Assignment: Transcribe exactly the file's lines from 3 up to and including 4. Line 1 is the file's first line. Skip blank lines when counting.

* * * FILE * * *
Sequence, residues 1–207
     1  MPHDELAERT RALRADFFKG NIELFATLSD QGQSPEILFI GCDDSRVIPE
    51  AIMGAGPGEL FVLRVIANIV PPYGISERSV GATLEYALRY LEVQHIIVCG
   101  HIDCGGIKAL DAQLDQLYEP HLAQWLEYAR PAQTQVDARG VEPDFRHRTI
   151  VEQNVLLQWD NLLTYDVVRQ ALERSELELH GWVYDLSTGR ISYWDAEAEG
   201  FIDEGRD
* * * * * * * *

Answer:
    51  AIMGAGPGEL FVLRVIANIV PPYGISERSV GATLEYALRY LEVQHIIVCG
   101  HIDCGGIKAL DAQLDQLYEP HLAQWLEYAR PAQTQVDARG VEPDFRHRTI